TOMATO…vegetable or fruit?

A botanist would describe a fruit as “any fleshy material covering one or more seeds”. Per definition, it is the organ of an angiosperm deriving from the ovary containing ovules transformed into seeds, or, better, an edible product from some tree like or herbaceous plants. Usually, a fruit is containing and protecting seeds favoring its dispersal, too. The sweet ones, such as apples or pears, are called “fruit” whereas the non sweet –

cucumbers, peppers, tomatoes, pumpkins and so on – are usually known as “vegetable”. Until the end of the XIX century in the United States tomatoes had been classified as fruit, but this changed when the congress, through a disposal of 1883 in order to protect the local agriculture and farmers, decided to levy a ten percent tax on all imported vegetables by including tomatoes. A few years later, a tomato importer, after having studied the ordinance very carefully, decided to challenge the court by sustaining that tomatoes, from the botanical point of view, were fruits, and not vegetables, so they ought to be tax free. John Nix, the name of the  astute gentleman, went right to the supreme court (Nix vs. Hedden, 149 U.S.304) which, in 1893, passed an unusual judgment. From  the botanical point of view, tomatoes had to be classified as fruits from a creeping plant such as cucumber or peas. However, in the common language and use the plant was treated like a vegetable, grown in vegetable gardens and served, raw or cooked, in soups and as accompaniment to savory dishes, for instance, meat and fish and not as dessert at the end of the meal. The court, consequently, ignored the botanical reality, viz. that the tomato was nothing but a huge berry, taking into account the popular use as vegetable. The ten percent tax on the tomatoes had to be paid. The verdict  was like manna from heaven for the then almost totally private farmers in America. Thanks to the higher prices of the imported tomatoes, they were in a position to adjust the prices for their tomatoes, too.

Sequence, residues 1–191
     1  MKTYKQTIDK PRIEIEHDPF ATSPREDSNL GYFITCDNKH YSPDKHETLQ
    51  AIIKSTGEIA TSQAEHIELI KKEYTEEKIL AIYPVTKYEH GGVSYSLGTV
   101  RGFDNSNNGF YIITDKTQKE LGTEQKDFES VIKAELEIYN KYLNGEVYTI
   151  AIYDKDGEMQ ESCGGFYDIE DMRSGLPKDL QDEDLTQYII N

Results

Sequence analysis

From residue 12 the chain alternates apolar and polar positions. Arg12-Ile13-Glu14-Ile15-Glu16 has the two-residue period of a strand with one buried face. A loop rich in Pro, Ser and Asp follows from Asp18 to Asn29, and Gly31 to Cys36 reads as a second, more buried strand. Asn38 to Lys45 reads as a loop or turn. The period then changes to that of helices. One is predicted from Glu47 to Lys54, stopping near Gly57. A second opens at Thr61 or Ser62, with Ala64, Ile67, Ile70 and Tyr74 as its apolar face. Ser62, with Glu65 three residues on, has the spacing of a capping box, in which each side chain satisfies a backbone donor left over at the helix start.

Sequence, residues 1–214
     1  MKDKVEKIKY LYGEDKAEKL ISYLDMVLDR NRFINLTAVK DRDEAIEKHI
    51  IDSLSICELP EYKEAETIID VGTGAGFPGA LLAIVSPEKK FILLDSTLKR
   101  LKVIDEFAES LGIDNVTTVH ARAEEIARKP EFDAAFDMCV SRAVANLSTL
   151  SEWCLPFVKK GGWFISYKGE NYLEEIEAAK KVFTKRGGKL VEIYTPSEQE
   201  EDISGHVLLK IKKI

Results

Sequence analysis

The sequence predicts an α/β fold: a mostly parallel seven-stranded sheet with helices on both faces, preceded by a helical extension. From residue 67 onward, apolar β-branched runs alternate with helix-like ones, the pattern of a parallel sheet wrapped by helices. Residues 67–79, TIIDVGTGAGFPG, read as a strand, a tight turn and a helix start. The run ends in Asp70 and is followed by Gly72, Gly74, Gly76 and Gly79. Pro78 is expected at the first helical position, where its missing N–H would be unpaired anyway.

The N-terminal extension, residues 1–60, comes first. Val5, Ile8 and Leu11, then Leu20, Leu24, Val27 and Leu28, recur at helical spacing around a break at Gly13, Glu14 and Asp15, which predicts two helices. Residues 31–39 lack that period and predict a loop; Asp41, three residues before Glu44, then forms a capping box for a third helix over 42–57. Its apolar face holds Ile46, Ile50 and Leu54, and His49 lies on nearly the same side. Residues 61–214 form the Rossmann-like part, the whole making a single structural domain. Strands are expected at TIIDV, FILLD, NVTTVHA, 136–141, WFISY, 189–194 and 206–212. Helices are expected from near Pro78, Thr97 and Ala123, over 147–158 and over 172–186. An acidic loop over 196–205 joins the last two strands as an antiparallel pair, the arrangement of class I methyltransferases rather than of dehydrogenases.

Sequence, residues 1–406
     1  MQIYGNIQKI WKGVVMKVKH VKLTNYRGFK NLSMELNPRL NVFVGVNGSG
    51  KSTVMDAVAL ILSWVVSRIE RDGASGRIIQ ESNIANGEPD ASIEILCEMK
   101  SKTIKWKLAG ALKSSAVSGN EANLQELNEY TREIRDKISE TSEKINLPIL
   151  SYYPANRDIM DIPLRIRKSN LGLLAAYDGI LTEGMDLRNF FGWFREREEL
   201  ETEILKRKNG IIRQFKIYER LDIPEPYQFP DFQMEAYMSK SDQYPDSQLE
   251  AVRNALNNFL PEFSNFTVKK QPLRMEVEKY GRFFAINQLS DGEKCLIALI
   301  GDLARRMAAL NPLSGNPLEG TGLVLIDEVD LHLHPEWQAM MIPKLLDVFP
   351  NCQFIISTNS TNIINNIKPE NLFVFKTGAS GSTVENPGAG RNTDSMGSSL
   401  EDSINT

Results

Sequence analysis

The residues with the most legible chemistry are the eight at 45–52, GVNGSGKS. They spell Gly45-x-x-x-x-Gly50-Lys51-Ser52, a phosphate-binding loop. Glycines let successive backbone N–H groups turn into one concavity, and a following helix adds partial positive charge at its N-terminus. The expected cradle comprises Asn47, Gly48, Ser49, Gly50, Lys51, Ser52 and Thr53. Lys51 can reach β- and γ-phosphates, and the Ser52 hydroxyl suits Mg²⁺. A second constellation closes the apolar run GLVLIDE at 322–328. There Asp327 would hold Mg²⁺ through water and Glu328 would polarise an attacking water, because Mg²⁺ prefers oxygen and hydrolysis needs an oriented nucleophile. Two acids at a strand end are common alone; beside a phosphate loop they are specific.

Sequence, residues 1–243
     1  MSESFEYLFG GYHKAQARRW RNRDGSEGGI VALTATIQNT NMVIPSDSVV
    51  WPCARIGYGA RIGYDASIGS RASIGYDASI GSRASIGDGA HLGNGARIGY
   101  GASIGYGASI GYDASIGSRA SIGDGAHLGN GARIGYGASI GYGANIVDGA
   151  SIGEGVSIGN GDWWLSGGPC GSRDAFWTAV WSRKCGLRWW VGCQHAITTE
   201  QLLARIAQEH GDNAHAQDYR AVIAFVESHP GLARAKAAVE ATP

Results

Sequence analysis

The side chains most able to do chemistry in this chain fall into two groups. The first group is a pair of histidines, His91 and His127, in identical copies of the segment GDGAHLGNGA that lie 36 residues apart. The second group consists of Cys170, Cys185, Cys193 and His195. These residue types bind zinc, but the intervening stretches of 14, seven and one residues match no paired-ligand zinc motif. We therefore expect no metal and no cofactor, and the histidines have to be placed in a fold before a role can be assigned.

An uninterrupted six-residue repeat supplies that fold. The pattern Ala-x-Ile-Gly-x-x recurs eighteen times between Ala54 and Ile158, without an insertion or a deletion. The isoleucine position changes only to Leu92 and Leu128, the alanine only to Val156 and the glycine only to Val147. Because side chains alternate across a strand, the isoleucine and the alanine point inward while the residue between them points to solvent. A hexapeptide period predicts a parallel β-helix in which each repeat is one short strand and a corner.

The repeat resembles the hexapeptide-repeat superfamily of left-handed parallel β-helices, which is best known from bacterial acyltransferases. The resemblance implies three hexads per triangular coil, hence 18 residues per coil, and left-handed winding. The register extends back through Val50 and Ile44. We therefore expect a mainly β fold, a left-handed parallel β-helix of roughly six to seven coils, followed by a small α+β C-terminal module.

Anneliese Rabl …. finding a life in Tuscany

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